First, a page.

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Shirley Jackson's "The Lottery"

“Am I walking towards something I should be running away from?” once asked Shirley Jackson ("Shirley Jackson Quotes"). In her short story, “The Lottery” all of the characters come together to participate in this “lottery.” Only it is not what most people would think. These characters should really being running away instead of coming together. In the end, one of them does end up running, but does not get too far. Everyone including her own family stones her death as a way to keep the population under control. It is a tradition that they have kept since before anyone can remember. Using Marxist criticism, a reader can analyze Shirley Jackson’s, “The Lottery” by using the aspect of positions of power.
In the short story, The Lottery, Jackson introduces the differences and powers of the certain characters who maintain different levels of power throughout the society, including the low, middle and high categories of people whom each receive different labels and life-styles. “A sudden hush fell on the crowd as Mr. Summers cleared his throat and look at the list.”(Jackson). This quote from The Lottery lets the reader discover that Mr. Summers is a well-respected, knowledgeable man who provides his time for many community events and activities. The silence that fell when he began to speak is showing how Mr. Summers receives respect from his audience. A man that is respected from his town, as in this situation, shows one example of power for a man who is “more high class” in the field of politics. “The wife draws for her husband. Don’t you have a grown boy to do that for you jerry?”(Jackson). Referring back to male dominance, this is an example of the husband in charge of the wife. Jerry was put on the spot, in a way, where he could have had his older son do the job, but instead chooses his wife to do the honorable draw, emphasizing the male’s power over a relationship and family.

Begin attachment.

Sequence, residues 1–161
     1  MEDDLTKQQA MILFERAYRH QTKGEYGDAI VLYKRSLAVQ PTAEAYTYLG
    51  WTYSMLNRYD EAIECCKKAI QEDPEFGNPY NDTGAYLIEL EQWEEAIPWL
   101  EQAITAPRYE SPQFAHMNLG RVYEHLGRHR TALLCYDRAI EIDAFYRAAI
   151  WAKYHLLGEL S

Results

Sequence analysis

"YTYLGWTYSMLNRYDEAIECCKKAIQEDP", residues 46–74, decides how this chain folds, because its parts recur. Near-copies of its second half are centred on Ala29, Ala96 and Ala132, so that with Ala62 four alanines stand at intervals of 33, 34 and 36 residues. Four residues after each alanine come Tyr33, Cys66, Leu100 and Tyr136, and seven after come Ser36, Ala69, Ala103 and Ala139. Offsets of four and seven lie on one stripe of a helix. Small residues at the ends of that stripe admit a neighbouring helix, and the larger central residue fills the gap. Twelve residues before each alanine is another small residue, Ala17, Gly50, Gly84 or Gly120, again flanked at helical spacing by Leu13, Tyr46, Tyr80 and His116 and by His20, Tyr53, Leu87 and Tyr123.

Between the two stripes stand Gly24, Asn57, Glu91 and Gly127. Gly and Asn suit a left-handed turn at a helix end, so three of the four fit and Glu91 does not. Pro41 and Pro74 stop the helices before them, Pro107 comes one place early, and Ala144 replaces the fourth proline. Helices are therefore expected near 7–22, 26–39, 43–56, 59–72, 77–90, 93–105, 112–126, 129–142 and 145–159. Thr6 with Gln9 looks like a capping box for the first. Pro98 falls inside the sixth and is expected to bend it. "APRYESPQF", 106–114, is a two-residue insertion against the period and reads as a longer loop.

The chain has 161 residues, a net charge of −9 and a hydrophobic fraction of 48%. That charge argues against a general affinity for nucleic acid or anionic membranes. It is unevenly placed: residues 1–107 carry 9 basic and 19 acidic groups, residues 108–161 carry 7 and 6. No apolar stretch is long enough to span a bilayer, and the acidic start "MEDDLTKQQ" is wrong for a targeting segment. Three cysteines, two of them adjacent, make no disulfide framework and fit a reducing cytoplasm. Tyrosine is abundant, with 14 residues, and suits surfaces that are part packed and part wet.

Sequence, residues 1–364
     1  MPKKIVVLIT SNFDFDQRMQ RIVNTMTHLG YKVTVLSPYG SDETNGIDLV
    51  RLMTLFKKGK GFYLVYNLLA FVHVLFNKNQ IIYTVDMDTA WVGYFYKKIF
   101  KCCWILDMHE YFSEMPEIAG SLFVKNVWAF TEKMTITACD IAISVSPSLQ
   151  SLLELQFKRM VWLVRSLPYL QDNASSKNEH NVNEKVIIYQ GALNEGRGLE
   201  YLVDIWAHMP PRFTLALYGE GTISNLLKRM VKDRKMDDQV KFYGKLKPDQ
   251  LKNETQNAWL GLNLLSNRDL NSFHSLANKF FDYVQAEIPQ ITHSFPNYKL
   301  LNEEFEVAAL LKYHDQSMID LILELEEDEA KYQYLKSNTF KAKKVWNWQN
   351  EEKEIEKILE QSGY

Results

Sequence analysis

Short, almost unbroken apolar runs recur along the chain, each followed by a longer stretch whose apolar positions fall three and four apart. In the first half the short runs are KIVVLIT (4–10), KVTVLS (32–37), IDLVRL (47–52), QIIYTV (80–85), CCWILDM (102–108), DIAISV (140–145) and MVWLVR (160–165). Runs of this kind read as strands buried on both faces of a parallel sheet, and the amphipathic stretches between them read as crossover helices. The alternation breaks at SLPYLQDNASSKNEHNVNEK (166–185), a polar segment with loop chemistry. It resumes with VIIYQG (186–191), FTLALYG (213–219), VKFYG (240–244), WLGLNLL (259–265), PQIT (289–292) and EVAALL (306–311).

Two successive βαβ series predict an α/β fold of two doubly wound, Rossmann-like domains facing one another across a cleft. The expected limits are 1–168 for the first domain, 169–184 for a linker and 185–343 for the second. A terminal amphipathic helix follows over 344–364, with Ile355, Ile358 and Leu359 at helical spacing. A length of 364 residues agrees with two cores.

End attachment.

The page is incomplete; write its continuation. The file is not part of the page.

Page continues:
“The black box grew shabbier each year: by now it was no longer completely black but splintered badly along one side to show the original wood color, and in some places faded or stained.”(Jackson). The description of the town’s annual box is an example of the power that the box holds on the town and the town’s traditions. The old box had enough power to keep the tradition going throughout all of the years between the time the lottery started until this point and further and for some people, the box still being where it was to that date also kept townspeople coming back. “Mr. Summers spoke frequently to the villagers about making a new box, but no one liked to upset even as much tradition as was represented by the black box.”(Jackson). Even though the box was in terrible shape, on the verge of falling apart, the villagers still happily accept the fact of the box being part of the tradition, being the oldest object still standing. The people did not want to add any changes to the tradition and this reveals the power of decision. The villagers have the power to decide on any matter, whether it is changing something for the town or deciding to keep something the same.
Shirley Jackson’s, “The Lottery” can be analyzed using Marxist criticism through the aspect of the positions of power. This short story shows how certain governments and groups of people live and organize their communities. Some people don’t get a say in why they should live and not have to be stoned or die from any other ritual. They choose those that have the least importance or have done something wrong and get rid of them in. It gives citizens of countries like the United States to see how lucky we are to be able to live such free lives. Some rules might be unfair, but many other areas around the world have it much worse.





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